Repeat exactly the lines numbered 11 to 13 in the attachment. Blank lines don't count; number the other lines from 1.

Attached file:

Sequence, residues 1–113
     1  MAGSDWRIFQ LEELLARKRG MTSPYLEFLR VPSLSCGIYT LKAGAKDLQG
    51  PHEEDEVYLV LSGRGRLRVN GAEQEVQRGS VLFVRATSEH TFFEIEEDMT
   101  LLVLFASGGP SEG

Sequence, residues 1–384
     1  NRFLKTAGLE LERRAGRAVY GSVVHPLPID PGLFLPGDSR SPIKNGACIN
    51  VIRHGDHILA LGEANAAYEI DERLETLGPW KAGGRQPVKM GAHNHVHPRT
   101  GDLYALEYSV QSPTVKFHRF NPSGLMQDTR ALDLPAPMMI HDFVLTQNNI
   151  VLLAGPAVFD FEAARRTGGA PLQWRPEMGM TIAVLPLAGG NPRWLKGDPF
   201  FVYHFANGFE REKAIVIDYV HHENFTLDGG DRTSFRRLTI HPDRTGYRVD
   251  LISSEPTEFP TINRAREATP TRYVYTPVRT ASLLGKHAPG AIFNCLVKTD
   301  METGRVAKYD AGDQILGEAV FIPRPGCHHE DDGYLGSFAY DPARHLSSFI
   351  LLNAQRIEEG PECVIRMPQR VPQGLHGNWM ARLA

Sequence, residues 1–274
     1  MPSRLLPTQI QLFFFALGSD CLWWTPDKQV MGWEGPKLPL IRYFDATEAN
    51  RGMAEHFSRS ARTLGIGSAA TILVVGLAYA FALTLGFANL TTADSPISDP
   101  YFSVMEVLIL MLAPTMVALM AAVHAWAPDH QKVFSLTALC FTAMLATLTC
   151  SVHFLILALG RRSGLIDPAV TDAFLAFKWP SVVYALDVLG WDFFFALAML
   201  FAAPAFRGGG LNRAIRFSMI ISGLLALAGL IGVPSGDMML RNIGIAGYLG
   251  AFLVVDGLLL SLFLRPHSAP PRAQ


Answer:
   251  LISSEPTEFP TINRAREATP TRYVYTPVRT ASLLGKHAPG AIFNCLVKTD
   301  METGRVAKYD AGDQILGEAV FIPRPGCHHE DDGYLGSFAY DPARHLSSFI
   351  LLNAQRIEEG PECVIRMPQR VPQGLHGNWM ARLA